of attorney's fees to the Juneau Empire was not an abuse of
1 In its briefing before this court, Mount Juneau
Enterprises cites extensively to Keen's affidavit and to
correspondence between Keen and his attorney at the time that the
September 12, 1990 article was published. The Juneau Empire
argues that the correspondence and the affidavit contain
inadmissible hearsay statements which cannot be relied upon to
oppose summary judgment.
We agree. We do not consider any hearsay statements by
Keen or Keen's attorney for the truth of the matter. See
Broderick v. King's Way Assembly of God, 808 P.2d 1211, 1215,
1218 (Alaska 1991) (inadmissible hearsay assertions cannot be
used either to oppose or support a motion for summary judgment).
Mount Juneau Enterprises' contention that the Juneau Empire
failed to object to this evidence is without merit. At the
summary judgment stage, the Juneau Empire expressly objected both
to the correspondence between Keen and his lawyer and to the Keen
affidavit's hearsay accounts of alleged statements by Linda Kline
and Deb Rudis.
2 The complaint also included claims against the City
which stemmed from its alleged abandonment of commitments to
exchange real property with Mount Juneau Enterprises, to avoid
interfering with the tramway project, and to deal in good faith
with the project's financial backers. These claims are not at
issue in this appeal.
3 The affidavit also contains a statement that Pohl
obtained information for the September 12, 1990 bankruptcy
article solely from the insurers' liquidation motion. In October
1991, after her deposition testimony, Pohl filed a supplemental
affidavit in which she stated that she obtained information for
the September 12, 1990 bankruptcy article not only from the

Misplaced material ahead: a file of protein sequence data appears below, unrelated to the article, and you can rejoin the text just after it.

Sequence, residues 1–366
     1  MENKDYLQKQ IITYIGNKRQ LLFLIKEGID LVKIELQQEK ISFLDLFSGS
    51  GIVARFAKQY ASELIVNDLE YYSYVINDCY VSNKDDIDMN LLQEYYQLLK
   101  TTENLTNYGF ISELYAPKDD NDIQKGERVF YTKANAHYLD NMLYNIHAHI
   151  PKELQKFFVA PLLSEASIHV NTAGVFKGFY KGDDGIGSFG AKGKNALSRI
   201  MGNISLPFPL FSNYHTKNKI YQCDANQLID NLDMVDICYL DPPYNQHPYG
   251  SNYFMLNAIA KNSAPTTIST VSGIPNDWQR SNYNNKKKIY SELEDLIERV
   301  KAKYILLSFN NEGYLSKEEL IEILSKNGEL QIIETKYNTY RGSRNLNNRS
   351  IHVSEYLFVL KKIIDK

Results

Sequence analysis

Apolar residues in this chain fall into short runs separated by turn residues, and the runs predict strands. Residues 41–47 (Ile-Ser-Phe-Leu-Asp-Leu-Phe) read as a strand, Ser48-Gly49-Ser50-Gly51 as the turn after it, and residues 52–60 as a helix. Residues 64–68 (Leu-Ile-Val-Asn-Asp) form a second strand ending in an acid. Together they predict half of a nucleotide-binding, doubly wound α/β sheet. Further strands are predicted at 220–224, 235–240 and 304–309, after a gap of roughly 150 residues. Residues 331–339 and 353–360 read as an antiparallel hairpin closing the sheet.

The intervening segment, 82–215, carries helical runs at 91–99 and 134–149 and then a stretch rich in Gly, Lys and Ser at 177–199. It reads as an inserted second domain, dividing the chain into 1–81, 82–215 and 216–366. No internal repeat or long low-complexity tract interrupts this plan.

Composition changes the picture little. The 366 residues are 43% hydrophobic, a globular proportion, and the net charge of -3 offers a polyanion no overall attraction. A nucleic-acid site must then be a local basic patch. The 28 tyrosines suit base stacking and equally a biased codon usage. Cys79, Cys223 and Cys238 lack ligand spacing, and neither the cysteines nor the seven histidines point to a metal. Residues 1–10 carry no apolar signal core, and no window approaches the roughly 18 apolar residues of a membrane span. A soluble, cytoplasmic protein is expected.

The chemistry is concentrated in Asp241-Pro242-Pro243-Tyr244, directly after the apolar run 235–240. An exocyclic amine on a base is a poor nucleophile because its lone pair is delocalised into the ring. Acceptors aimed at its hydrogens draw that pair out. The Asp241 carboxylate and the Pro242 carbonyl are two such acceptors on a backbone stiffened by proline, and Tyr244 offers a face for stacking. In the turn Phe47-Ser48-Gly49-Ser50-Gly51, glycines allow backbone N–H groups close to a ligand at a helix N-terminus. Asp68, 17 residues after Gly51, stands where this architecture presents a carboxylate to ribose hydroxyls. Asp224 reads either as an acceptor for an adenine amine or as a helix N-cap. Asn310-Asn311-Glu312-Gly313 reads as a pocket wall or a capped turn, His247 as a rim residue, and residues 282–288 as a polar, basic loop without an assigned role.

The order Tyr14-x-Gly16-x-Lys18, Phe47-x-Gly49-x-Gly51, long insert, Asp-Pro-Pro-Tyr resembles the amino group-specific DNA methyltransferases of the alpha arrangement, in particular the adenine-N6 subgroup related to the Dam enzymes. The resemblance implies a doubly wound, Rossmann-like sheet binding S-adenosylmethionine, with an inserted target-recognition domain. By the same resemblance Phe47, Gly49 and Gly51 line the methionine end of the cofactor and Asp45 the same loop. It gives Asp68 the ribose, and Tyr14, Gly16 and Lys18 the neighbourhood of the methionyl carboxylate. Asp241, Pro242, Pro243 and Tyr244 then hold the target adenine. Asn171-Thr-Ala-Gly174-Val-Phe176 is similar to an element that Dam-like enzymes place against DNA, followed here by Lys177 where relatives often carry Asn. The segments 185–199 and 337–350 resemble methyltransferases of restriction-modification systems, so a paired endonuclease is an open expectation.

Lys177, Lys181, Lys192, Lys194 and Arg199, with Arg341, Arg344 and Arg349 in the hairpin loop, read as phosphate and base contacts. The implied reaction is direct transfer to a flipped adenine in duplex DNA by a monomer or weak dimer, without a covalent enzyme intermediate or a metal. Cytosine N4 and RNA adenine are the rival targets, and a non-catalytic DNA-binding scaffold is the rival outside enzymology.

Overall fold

insurers' motion but also from Franklin's joinder motion. Pohl
did not otherwise change the substance of her earlier affidavit.
4 While the federal courts grant summary judgment in
libel cases only where the plaintiff has shown actual malice by
clear and convincing evidence or where no reasonable jury could
find such actual malice was present, this court continues to
apply the standard of review for summary judgment motions
pursuant to Alaska Civil Rule 56(c). Moffatt v. Brown, 751 P.2d
939, 943 (Alaska 1988) (declining to incorporate the applicable
substantive evidentiary standard into this state's summary
judgment practice). It is somewhat harder for a libel defendant
to win summary judgment in Alaska state courts using the "no
genuine issue of material fact"standard than it is in federal
court. Id. at 944.
5 As applied to the states through the Fourteenth
Amendment, the First Amendment prohibits any law "abridging the
freedom of speech, or of the press." U.S. Const. amend. I; cf.
Alaska Const. art. I, 5 ("Every person may freely speak, write,
and publish on all subjects, being responsible for abuse of that
6 A communication is defamatory if it tends to harm the
reputation of another so as to lower him in the estimation of the
community or to deter third persons from associating or dealing
with him. See Restatement (Second) of Torts 559 (1977); Green
v. Northern Publishing Co., 655 P.2d 736, 742 (Alaska 1982),
cert. denied, 463 U.S. 1208 (1983).